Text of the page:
Centaur is one tier above Campag's entry-level Veloce groupset. It's 10-speed whereas all the higher groupsets from the Italian marque are 11-speed. But in terms of function it's a similar proposition. You shift down (up the block) a maximum of three sprockets at once by sweeping the finger lever across, and you shift up (down the block) with the little thumb button that sits on the inside edge of the lever body. Centaur allows you to move only one sprocket down with every push, but giving the button a couple of jabs is simple enough if you need to turn a bigger gear in a hurry. It's available with a standard chainset but we have a compact here matched to an 11-25T cassette. All of the cabling here is external, by the way.
Racing 5s are among the cheaper wheels from Fulcrum (who are actually Campagnolo with a false moustache stuck on). These aren't the lightest wheels out there (the published weights are 775g and 985g plus quick releases) but the quality is good for the cash (£234.88 if you bought them separately). The bearings are reasonable and the eyeleted rims can stand up to everyday/training use and abuse.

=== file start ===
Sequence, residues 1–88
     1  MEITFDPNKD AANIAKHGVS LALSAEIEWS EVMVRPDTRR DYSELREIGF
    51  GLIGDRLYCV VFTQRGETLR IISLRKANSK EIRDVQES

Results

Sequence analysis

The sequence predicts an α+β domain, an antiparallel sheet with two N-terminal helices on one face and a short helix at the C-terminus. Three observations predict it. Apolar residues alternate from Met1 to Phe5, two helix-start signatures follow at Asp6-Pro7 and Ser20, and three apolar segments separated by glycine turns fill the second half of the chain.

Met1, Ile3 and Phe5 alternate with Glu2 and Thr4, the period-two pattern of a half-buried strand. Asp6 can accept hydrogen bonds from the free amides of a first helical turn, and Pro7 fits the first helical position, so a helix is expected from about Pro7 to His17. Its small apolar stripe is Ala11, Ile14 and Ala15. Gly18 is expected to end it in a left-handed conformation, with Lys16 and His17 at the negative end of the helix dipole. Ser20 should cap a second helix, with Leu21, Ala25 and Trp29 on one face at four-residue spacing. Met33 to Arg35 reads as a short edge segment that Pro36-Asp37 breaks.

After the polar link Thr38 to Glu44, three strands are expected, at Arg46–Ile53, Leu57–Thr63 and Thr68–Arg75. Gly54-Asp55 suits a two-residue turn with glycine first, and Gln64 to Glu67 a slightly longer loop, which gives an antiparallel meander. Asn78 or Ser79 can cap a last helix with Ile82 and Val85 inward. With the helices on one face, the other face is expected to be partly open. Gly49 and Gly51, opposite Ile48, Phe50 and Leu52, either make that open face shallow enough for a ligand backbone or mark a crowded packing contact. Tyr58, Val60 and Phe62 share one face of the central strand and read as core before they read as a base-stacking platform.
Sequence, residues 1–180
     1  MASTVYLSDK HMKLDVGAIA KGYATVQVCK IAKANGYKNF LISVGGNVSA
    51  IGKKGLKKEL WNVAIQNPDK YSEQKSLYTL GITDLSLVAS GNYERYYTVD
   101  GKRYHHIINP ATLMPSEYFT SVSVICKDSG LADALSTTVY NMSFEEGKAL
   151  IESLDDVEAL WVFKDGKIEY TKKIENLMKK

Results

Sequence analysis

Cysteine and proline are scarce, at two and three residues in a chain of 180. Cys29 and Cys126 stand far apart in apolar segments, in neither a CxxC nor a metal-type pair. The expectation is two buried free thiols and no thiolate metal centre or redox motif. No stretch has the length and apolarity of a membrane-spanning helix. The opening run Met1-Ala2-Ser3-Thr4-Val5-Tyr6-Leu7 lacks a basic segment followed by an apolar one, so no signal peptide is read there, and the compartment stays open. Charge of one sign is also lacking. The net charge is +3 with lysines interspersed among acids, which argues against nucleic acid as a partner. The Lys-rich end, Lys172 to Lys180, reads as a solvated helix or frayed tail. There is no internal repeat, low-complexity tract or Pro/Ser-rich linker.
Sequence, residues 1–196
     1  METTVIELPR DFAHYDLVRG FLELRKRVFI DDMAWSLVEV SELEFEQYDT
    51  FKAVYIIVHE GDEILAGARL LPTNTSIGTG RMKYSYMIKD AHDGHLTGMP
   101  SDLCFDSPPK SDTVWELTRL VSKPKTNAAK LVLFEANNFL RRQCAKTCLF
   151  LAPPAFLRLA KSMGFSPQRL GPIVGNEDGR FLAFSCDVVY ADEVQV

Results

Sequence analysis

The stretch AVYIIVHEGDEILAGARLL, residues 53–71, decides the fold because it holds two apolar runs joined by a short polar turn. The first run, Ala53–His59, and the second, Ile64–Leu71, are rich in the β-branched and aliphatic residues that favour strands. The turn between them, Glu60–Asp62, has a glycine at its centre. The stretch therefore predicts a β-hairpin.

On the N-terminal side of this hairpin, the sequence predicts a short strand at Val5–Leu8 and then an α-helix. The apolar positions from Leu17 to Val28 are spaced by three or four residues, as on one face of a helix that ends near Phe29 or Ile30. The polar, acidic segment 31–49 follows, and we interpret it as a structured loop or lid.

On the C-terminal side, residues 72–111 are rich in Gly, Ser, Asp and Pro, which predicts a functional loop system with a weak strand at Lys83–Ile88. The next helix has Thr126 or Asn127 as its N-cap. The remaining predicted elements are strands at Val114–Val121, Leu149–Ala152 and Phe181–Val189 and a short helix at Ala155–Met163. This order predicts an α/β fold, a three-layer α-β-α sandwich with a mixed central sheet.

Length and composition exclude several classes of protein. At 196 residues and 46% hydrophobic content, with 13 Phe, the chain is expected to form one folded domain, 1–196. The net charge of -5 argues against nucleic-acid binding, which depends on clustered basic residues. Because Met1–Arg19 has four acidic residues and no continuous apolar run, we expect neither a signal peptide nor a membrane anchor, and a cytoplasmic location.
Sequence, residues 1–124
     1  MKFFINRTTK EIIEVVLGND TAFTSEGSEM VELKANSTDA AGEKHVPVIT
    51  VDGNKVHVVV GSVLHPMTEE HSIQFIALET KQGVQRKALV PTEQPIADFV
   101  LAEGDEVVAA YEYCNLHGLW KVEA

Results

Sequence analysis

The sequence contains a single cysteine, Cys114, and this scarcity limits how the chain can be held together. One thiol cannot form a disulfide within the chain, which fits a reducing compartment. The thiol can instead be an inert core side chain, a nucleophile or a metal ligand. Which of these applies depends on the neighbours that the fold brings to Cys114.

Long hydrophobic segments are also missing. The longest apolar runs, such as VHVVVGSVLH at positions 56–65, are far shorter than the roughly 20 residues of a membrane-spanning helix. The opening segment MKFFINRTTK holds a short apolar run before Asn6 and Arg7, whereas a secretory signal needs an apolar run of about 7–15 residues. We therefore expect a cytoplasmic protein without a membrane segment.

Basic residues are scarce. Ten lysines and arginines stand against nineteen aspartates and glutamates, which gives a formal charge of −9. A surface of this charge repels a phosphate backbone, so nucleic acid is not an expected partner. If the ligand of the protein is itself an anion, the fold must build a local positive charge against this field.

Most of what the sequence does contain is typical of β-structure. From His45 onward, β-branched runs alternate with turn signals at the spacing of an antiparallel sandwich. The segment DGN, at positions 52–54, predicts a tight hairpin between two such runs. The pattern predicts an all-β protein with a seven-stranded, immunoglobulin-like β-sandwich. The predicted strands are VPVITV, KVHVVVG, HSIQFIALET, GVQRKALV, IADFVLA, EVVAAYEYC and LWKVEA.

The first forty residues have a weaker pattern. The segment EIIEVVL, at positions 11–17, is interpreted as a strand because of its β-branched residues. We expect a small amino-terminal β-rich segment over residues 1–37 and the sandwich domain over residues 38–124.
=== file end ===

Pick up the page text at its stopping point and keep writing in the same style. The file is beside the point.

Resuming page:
The only thing I don't like about these wheels - and it's a small point, I admit - is that all the spokes are black and bladed... apart from two on each wheel that are silver and round. Campagnolo Fulcrum do this for 'dynamic balance' - to balance out the rim joint material opposite. Fair enough, but it just looks like you've bust a spoke and couldn't be arsed to source the right replacement.
3T provide the aluminium cockpit - an ARX-Pro stem and a triple-bulled Ergosum Pro handlebar with a shallow (128mm) drop. The saddle is a Prologo Nago Pro T 2.0 and the tyres are Continental Grand Prix, 700 x 24C - they don't come in 23mm.
Right, that's yer lot on the kit front, let's get out on the road.